Copyright © 2012 by Chris R. Glaser. All rights reserved. Permission granted for use in non-profit gatherings with attribution of author and blogsite.
“Be careful not to parade your piety in public to attract attention; otherwise you will lose all reward from your Father in heaven.”
Jesus said this. I’ve thought of it often as I’ve posted 60+ posts on this blog, Progressive Christian Reflections, which could be viewed as my own little piety parade!
This week I’ve been revisiting the Sermon on the Mount as well as Henri Nouwen’s most intimate journal, The Inner Voice of Love. A few days ago I read the above verse and all of Jesus’ sayings about doing one’s spiritual practice in private—you know, not letting your left hand know what your right hand is doing in almsgiving, praying in your pantry rather than on street corners, not “babbling as the gentiles do” in prayermaking, and avoiding a dismal face while fasting. That is, if you’re doing it for God rather than human praise.
Then I opened Henri’s journal to his next entry, and, lo and behold:
“You have to let your father and father figures go. You must stop seeing yourself through their eyes and trying to make them proud of you.”
I LOL at the juxtaposition of seeking “reward from your Father in heaven” with “you have to let your father and father figures go.” Henri’s father survived him by a number of years, so he was bold to put this in print. Indeed, The Inner Voice of Love was coincidentally released on the day of Henri’s death.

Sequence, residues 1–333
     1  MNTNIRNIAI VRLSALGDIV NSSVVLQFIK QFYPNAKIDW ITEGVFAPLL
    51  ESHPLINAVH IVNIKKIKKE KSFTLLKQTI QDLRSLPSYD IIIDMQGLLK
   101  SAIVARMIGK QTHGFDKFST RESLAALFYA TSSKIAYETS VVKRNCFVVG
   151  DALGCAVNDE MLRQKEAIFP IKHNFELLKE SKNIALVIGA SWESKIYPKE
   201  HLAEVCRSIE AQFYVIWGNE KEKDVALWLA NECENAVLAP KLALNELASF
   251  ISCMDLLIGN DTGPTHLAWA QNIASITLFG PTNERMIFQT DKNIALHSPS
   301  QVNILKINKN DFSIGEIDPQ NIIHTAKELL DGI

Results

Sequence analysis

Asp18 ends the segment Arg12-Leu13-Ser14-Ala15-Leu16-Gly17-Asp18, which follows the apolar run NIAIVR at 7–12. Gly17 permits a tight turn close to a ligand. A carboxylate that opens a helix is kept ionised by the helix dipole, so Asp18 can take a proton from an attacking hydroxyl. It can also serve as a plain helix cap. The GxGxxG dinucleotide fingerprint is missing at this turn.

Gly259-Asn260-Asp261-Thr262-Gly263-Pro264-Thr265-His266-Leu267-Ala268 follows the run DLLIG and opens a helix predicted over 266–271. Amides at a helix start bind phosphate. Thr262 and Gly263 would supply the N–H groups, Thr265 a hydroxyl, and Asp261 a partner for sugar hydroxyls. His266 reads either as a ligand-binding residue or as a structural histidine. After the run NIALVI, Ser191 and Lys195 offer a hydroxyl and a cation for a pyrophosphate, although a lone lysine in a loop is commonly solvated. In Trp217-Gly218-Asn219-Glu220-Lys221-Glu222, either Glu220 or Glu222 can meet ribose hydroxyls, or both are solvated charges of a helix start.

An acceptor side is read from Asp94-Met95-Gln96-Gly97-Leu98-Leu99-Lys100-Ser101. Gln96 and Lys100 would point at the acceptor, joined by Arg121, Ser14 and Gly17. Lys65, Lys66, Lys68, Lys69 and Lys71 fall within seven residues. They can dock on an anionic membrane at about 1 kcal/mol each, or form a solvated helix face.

The entry is entitled with a “spiritual imperative” to himself, “Stop Being a Pleaser,” in which Henri reflects, “For as long as you can remember, you have been a pleaser, depending on others to give you an identity. … But now you are being asked to let go of all these self-made props and trust that God is enough for you.”
I thought of the would-be follower of Jesus who implored him, “Let me first go and bury my father.” Jesus’ response sounds harsh, “Let the dead bury the dead,” until you learn that there’s not a corpse awaiting burial, but a very live father to whom the son is beholden until the eventual day of his death. Jesus would not win the hearts of the so-called “traditional family values” crowd by his implication that the commonwealth of God supersedes family obligations.
That’s what Henri is getting at. He only needs to please God.
But I realized as I reflected on all these “father” connections that, though I may have begun my spiritual practices to please God or parents or others, that now I do it to please me, to give myself pleasure. So long an outsider, it gives me pleasure to come inside God’s sanctuary—safe space—in contemplation. I’m not looking for another’s approbation, even God’s—as if God needed me to do this! And I share such thoughts not for reward but to model possibilities for others.